A Guide to Shipping Perishables Using Reefer Containers
When it comes to shipping containers, it’s really not a case of one size fits all. There are various different types of container designed to meet the transportation needs of different types of cargo, so you can ship your goods with confidence. This guide looks at the reefer container – a temperature-controlled container typically used for shipping perishables such as food and drinks. Read on for all you need to know about the reefer.
What is a Reefer Container?
A reefer, short for a refrigerated container, is a shipping container designed to maintain the temperature of its cargo, typically used for shipping perishables. The name can be misleading as the reefer is not actually intended to reduce the temperature of the stowed goods – instead, the cargo should be pre-cooled to its optimum temperature before loading. T-shaped metal bars on the floor of the container (known as a T-Floor) distribute air set at the appropriate temperature around the cargo for effective temperature management.
When Should I Use One?
Reefer containers are used to stop perishable items, such as food, drink and flower bulbs, from spoiling. They’re also used to transport medicines, pharmaceutical items and chemicals that need to be kept at a certain temperature. Cargo can be chilled or frozen, and reefer containers can also be used to maintain temperatures warmer than those outside.
Types of Reefer Container
The different types of reefer container available include;
- 20’ Standard – maintains temperatures between -30 and 30 degrees.
- 40’ High Cube Standard – maintains temperatures between -30 and 30 degrees.
- 40’ High Cube Controlled Atmosphere – some goods, including some fruit and vegetable produce, require controlled atmosphere transit. This involves an injection of nitrogen to achieve the correct oxygen and carbon dioxide levels inside the container. Maintains temperatures between -30 and 30 degrees.
- 40’ High Cube Deep Frozen – maintains temperatures as low as -60 degrees, and is used to transport frozen goods.
- 45’ Pallet Wide High Cube – maintains temperatures between -35 and 30 degrees. The dimensions of this reefer make it ideal for transporting goods on euro pallets.
Insulated containers with integral refrigeration machinery (refrigeration units) know as integrals are most commonly found. Some insulated containers, known as port hole or con-air containers, have external refrigeration sources, but these are less common and likely to be gradually phased out.
Can a Reefer Container Chill Cargo?
Reefer containers are not designed to be used to reduce the temperature of their cargo. Although this will happen in the case of warmer cargo, it may not happen quickly enough (especially to the goods below the surface layer of cargo) to prevent it from perishing or spoiling.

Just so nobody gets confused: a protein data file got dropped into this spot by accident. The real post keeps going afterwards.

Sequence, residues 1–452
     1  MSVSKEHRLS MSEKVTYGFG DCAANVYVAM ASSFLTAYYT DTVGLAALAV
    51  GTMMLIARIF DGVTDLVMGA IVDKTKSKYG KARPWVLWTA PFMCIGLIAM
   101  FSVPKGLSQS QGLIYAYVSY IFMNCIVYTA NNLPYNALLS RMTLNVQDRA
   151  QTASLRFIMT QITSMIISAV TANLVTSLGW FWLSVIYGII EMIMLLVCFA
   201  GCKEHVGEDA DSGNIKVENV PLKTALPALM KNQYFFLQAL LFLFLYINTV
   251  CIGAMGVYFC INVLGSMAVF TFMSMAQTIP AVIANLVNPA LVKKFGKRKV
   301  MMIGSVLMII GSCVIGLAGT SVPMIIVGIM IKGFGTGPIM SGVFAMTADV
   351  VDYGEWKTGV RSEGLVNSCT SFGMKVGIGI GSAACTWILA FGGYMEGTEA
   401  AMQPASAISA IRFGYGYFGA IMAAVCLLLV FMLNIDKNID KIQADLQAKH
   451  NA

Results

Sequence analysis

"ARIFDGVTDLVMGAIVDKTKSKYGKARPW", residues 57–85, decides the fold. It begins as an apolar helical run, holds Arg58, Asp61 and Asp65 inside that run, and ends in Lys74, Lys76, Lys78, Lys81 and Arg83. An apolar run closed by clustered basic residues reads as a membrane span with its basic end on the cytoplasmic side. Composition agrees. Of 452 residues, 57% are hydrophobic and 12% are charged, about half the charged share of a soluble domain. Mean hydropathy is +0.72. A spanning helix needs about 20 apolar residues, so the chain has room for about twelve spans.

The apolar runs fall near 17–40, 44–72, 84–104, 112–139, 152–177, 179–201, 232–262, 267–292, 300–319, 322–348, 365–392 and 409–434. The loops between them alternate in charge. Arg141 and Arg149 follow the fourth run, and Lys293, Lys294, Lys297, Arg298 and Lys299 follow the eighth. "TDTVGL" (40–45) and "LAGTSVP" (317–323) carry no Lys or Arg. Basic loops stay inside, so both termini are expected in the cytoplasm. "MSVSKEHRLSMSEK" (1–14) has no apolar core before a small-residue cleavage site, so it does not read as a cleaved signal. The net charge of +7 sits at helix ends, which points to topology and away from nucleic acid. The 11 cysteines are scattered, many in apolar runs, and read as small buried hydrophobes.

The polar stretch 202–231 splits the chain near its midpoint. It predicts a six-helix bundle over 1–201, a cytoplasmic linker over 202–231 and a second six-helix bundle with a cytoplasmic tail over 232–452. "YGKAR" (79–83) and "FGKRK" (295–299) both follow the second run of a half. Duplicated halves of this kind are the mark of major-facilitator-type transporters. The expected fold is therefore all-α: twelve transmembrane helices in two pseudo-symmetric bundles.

The Defrosting Process
This occurs periodically to remove the layer of ice that may form on the unit’s evaporator coils. During defrosting, the unit’s fans are turned off automatically so that no warm air enters the cargo compartment.
The Inspection Process
Integral unit containers are required to have a pre-trip inspection, arranged by the carrier or his agent, to ensure that the refrigeration units are working correctly. This must be carried out by a specialist engineer and usually takes place in the port area. Cargo should also be inspected for any signs of damage before loading.
The Correct Stowage Method
Stowing items correctly in a reefer container is important, as the air needs to flow around the cargo in a particular way. Cargo should be kept below the red load line and should not be loaded beyond the end of the T-floor. The refrigeration machinery should always be switched off when the container doors are open.
It’s recommended to take advice from a specialist to ensure correct stowage – an experienced freight forwarder like John Good Shipping can take care of all aspects of shipping and answer any questions you might have.
Cold Treatment Shipments
Some types of fruit require cold treatment to kill potential pathogens. This involves them being kept at a lower temperature than usual, which is monitored by the insertion of steri probes into the fruit. Cold treatment shipments are also known as Steri Shipments.
Sealing a Reefer Container
A seal noting the serial number of the shipment is attached to the reefer container after loading. This number is also recorded on the relevant shipping documents. The seal is then inspected on the container’s arrival at its destination to confirm that the cargo hasn’t been tampered with during transit.
Malfunction of a Reefer Container
Reefer containers contain temperature sensors, which will register any temperature fluctuations to indicate a problem or malfunction. Ensure that any reefer container you use has undergone stringent testing, and check whether there is a backup refrigeration unit in operation to avoid any in-transit disasters.
John Good Shipping is experienced in arranging the transportation of temperature-controlled cargo – so put your perishables in the safe hands of a shipping specialist for ultimate peace of mind.